This tax season, new mothers may have something to celebrate. According to a recent article in The New York Times, the IRS now allows nursing mothers a tax break on breast-feeding and other nursing supplies. Starting with expenses incurred in 2010, mothers can “use pretax money from their flexible spending accounts to cover the cost of breast pumps and other supplies. Those without flexible spending accounts may deduct breast-feeding costs if their total unreimbursed medical expenses exceed 7.5 percent of their adjusted gross income and they itemize.”
Although the IRS has long resisted tax benefits for nursing mothers — they claimed breast-feeding as nutrition was a necessary rather than a medical expense — a recent lobby by Congress has prompted this year’s change.
Breast-feeding has been linked to many health benefits for infants, such as better immune health. But it may also help reduce the risk of Type 2 diabetes for mothers. Diabetes educator Amy Campbell writes in a recent article that breast-feeding can “help [the mother] burn additional calories to help recover her pre-pregnancy body, reduce the risk of certain cancers, and helps keep bones strong to protect against fractures at a later age.” Further, in a study published in The American Journal of Medicine, mothers who breast-fed for less than one month had a higher risk for Type 2 diabetes.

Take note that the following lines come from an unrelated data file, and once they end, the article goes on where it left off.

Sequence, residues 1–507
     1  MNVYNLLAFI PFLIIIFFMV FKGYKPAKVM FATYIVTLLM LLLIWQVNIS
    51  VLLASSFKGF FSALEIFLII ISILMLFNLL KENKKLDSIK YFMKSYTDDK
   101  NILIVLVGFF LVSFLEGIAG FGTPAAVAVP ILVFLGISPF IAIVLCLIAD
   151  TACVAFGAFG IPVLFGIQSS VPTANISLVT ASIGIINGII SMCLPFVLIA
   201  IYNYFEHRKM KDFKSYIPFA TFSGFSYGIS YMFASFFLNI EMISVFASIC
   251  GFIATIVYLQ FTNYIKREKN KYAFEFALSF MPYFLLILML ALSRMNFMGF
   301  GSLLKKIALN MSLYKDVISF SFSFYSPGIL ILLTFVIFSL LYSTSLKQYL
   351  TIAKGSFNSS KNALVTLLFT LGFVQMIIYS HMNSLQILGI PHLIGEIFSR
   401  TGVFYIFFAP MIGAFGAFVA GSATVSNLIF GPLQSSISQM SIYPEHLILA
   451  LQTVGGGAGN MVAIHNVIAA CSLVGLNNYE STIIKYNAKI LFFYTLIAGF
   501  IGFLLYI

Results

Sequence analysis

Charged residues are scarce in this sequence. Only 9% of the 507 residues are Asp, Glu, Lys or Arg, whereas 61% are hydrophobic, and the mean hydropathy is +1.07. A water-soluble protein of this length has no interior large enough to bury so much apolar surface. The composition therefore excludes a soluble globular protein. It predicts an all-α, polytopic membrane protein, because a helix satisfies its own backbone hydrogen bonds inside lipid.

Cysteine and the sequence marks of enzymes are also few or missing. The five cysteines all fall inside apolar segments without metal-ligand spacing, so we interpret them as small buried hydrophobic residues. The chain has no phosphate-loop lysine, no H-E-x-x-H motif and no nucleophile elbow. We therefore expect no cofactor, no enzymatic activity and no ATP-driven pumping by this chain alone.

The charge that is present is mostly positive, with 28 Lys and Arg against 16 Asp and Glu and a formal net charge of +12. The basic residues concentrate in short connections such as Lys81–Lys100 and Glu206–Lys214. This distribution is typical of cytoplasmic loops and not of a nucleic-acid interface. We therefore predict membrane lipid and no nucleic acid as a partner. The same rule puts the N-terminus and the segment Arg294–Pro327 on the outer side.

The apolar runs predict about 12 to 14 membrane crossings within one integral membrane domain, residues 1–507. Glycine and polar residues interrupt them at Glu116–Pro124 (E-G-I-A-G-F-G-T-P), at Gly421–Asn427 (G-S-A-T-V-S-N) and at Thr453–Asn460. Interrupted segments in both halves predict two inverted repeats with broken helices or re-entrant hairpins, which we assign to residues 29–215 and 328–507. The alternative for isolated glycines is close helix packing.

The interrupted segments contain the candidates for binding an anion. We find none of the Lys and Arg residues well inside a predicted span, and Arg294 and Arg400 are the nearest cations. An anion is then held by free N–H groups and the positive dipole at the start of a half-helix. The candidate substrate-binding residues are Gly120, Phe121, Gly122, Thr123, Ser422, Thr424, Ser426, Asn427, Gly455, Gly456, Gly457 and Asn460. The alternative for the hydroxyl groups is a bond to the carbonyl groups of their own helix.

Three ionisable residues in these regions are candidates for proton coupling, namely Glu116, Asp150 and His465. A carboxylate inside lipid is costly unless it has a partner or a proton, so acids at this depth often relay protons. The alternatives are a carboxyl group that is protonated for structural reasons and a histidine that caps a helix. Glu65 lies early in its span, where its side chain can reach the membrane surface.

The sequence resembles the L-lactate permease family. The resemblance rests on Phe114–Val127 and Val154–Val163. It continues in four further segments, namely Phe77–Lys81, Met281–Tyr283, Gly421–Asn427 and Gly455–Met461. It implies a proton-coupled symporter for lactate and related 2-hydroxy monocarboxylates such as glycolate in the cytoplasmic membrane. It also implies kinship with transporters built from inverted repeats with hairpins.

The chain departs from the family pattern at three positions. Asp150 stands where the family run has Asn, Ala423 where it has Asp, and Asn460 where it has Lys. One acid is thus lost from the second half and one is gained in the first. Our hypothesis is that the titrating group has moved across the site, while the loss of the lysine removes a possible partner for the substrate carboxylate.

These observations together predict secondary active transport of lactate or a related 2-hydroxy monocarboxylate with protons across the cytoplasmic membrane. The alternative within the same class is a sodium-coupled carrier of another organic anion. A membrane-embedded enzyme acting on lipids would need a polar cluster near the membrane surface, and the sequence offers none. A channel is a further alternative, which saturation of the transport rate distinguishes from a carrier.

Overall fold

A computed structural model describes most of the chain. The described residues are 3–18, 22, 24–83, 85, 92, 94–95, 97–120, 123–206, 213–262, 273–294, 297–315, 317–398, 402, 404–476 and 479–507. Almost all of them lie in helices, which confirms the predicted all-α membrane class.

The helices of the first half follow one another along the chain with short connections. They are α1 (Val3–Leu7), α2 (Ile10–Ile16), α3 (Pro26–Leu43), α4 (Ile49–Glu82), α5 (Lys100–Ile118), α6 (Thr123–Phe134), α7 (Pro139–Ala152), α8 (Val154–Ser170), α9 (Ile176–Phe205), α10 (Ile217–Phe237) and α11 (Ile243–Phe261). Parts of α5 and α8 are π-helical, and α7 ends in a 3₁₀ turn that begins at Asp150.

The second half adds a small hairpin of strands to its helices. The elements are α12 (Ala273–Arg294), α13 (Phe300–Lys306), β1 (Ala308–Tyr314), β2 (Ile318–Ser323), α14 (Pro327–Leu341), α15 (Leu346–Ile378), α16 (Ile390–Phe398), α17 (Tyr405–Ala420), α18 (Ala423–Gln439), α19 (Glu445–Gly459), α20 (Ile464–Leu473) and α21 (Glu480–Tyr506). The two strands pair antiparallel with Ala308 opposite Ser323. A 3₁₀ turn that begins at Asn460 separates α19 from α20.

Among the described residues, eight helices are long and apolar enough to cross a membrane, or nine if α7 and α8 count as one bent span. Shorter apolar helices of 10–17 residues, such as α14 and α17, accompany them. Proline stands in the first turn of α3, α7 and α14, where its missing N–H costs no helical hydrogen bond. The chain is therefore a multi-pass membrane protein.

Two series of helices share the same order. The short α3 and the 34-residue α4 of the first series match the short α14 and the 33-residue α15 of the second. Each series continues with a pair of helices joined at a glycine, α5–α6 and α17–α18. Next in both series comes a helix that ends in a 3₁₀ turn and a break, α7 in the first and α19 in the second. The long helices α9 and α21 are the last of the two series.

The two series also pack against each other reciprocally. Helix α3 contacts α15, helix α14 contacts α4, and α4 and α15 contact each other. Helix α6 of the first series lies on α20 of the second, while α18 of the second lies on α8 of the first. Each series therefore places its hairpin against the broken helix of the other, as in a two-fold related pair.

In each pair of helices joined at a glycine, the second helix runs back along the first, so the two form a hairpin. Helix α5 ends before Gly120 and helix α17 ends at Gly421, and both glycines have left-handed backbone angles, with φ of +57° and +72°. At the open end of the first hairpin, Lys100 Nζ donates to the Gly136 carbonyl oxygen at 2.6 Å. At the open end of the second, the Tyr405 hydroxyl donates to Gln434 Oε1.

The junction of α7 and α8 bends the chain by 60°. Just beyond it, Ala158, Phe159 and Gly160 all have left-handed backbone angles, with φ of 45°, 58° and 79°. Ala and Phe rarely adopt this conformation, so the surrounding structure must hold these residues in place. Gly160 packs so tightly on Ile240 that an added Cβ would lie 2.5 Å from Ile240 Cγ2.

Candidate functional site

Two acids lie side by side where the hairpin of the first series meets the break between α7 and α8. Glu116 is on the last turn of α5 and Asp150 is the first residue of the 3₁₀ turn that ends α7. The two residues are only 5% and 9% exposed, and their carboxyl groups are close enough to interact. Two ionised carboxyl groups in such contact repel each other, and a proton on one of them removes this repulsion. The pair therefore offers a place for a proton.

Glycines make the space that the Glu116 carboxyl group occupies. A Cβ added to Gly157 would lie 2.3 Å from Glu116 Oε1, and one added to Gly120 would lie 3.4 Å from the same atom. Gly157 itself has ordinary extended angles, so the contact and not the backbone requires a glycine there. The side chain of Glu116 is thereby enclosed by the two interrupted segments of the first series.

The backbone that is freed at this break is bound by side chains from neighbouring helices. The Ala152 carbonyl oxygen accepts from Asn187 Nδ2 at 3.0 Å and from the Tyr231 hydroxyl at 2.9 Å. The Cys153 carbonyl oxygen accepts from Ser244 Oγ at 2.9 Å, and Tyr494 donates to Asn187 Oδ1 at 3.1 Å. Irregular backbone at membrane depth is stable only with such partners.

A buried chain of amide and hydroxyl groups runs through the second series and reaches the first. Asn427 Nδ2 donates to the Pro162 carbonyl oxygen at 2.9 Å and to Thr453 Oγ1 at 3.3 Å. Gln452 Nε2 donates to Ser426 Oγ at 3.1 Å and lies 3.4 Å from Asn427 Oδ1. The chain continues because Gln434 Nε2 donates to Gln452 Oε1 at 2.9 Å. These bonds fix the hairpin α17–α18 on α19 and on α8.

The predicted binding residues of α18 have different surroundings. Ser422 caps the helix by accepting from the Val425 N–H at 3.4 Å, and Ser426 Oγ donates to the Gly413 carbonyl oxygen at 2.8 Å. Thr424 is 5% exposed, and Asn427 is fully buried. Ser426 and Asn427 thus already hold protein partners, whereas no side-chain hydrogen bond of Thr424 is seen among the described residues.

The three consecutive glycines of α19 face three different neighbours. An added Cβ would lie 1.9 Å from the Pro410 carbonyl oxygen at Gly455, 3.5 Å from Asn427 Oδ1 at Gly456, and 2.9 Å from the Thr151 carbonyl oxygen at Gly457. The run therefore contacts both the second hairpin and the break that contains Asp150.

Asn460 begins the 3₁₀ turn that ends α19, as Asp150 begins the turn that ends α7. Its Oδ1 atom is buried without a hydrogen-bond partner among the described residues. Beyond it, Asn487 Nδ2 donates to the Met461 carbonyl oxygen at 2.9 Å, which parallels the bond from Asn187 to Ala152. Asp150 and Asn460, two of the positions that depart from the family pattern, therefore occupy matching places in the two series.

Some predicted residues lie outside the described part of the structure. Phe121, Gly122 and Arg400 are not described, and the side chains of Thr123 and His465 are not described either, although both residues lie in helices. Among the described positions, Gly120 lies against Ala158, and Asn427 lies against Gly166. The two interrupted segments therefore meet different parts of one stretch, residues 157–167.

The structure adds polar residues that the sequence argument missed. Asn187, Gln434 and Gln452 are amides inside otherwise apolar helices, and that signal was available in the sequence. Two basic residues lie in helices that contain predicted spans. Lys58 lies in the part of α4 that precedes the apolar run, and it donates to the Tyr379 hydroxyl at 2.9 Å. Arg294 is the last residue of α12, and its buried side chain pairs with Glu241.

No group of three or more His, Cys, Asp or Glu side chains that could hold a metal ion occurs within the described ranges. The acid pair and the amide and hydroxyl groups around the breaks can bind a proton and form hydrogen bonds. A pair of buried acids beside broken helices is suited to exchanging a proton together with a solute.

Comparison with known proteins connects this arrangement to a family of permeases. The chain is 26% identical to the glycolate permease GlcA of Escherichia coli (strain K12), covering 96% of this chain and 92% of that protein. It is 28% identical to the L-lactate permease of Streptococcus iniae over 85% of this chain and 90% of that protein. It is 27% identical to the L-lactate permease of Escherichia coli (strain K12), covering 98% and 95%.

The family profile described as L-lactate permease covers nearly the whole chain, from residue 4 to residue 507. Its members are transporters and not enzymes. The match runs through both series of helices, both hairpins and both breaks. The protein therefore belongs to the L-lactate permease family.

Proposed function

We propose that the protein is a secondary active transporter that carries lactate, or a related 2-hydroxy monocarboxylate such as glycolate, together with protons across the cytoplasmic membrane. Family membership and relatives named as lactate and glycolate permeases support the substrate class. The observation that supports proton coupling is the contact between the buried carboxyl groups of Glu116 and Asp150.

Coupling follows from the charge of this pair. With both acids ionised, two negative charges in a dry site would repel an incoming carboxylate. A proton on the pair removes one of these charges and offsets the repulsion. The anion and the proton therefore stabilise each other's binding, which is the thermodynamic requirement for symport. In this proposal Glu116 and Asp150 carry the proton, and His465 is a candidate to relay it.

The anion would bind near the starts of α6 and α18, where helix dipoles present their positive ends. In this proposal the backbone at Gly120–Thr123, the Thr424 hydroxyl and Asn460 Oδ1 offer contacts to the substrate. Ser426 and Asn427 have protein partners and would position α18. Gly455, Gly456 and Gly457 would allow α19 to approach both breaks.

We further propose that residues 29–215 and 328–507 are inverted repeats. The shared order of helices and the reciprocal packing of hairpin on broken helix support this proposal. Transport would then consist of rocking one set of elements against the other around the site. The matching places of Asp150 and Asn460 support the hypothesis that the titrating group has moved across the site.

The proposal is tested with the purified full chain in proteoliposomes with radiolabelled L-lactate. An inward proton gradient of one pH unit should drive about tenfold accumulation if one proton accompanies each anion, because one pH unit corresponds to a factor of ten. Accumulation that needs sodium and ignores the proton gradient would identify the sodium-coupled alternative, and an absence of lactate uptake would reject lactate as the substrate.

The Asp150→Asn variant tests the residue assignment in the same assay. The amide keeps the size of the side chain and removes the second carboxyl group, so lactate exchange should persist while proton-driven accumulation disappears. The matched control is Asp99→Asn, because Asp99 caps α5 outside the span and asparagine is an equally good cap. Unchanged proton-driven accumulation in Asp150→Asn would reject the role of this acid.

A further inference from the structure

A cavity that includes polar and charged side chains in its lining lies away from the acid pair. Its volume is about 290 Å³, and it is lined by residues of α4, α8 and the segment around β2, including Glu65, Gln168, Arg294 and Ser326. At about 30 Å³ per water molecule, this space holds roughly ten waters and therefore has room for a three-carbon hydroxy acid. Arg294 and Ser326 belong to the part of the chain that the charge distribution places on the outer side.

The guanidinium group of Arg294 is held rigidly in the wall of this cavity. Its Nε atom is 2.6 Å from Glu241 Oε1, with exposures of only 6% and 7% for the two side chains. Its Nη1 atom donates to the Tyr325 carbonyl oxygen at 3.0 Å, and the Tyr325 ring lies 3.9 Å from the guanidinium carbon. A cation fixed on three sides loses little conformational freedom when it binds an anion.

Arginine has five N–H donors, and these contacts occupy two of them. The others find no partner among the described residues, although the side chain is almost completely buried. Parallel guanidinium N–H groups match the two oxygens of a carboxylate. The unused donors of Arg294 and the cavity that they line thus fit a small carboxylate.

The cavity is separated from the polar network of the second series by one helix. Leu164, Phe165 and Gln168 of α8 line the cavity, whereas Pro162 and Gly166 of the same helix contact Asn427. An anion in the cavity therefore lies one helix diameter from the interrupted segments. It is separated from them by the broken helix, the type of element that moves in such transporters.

Even if you are not a nursing mother, you can find out more about tax policies that benefit you from the IRS Web site’s section on tax policies for individuals, as well as their 1040 Central site for tools and new policies being implemented this year.
This blog entry was written by Web Intern Helen Zhu.